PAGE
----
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Cancer Res. 2008 Jun 15;68(12):4827-32. doi: 10.1158/0008-5472.CAN-08-0552.

Salmonella promoters preferentially activated inside tumors.

Author information

1
Sidney Kimmel Cancer Center, AntiCancer, Inc., and Department of Surgery, University of California, San Diego, San Diego, California, USA.

Abstract

Salmonella enterica and avirulent derivatives prefer solid tumors over normal tissue in animal models. The identification of endogenous Salmonella promoters that are preferentially activated in tumors could further our understanding of this phenomenon. Toward this goal, a random library of S. enterica typhimurium 14028 genomic DNA was cloned upstream of a promoterless gene encoding the green fluorescent protein (GFP) TurboGFP. A population of Salmonella containing this library was injected i.v. into tumor-free nude mice and into human PC3 prostate tumors growing subcutaneously in nude mice. After 2 days, fluorescence-activated cell sorting was used to enrich for bacterial clones expressing GFP from spleens or tumors. The resulting libraries were hybridized to an oligonucleotide tiling array of the Salmonella genome. Eighty-six intergenic regions were found to be enriched in tumor samples but not in spleen. Twenty of these candidate promoters were also detected in the sequences of 100 random clones from a library enriched for expression in bacteria growing in tumors. Three candidate promoter clones were individually tested in vivo, and enhanced GFP expression in bacteria growing in tumor relative to spleen was confirmed. Two of the three clones (pflE and ansB promoter regions) are known to be induced in hypoxic conditions that pertain to many tumors. For many of the other candidate promoters preferentially induced in bacteria growing in tumors, regulatory mechanisms may not be related to hypoxia. The expression of therapeutics in Salmonella under the regulation of one or more promoters that are activated preferentially in tumors has the potential to improve the targeting of drug delivery.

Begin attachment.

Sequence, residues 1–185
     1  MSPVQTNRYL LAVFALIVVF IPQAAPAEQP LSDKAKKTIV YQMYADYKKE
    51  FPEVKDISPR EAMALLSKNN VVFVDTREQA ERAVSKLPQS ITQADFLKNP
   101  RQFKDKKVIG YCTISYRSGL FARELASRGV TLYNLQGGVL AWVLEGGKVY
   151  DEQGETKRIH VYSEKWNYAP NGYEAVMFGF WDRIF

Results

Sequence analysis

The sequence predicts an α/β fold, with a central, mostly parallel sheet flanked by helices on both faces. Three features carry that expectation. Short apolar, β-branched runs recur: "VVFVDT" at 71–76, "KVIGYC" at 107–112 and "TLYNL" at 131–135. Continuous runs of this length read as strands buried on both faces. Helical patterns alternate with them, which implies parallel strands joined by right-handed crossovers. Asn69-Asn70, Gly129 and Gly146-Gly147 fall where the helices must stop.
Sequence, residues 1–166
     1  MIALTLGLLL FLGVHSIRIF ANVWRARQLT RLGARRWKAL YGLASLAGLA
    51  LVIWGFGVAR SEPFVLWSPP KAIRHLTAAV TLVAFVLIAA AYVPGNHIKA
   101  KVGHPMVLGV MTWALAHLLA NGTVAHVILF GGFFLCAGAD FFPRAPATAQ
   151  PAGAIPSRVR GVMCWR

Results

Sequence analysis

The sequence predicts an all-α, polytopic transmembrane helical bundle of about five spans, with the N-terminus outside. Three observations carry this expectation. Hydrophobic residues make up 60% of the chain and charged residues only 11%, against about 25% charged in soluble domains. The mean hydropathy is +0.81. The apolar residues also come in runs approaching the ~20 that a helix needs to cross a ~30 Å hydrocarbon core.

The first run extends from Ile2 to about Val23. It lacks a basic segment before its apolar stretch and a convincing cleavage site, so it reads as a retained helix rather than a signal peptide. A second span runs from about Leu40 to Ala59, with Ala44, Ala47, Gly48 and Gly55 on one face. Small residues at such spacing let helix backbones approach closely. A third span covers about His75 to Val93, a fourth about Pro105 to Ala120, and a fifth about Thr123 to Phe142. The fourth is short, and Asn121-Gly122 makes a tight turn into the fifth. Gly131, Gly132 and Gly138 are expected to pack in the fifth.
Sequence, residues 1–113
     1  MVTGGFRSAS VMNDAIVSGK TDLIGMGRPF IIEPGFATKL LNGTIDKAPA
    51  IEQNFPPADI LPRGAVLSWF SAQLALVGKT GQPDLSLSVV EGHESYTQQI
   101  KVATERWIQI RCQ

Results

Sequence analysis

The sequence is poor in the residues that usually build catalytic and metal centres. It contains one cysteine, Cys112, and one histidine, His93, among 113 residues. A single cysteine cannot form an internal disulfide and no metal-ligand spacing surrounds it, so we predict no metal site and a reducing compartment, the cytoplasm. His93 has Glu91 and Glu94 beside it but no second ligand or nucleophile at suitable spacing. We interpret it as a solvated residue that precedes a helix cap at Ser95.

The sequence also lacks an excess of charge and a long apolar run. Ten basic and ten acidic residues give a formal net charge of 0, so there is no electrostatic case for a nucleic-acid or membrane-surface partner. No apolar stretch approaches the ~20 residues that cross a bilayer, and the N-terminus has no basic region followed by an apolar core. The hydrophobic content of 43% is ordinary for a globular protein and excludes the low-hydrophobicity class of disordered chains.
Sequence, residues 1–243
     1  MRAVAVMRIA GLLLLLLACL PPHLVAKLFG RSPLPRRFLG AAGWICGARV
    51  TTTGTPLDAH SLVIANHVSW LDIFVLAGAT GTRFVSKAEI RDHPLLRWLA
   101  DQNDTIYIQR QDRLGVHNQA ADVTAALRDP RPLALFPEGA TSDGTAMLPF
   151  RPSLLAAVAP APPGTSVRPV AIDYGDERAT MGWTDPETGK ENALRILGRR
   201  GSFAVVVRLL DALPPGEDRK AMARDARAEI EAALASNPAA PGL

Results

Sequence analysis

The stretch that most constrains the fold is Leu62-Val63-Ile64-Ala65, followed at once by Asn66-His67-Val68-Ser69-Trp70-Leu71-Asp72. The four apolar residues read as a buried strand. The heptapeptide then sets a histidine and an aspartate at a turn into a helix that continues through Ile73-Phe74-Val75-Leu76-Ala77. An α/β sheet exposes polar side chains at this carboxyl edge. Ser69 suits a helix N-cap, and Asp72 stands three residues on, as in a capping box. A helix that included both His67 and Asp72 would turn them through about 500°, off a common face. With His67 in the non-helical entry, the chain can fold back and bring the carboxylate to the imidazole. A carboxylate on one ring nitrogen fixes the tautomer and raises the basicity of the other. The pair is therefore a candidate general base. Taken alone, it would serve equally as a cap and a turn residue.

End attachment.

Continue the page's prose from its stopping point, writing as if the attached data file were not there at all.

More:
PMID:
18559530
DOI:
10.1158/0008-5472.CAN-08-0552
[Indexed for MEDLINE]
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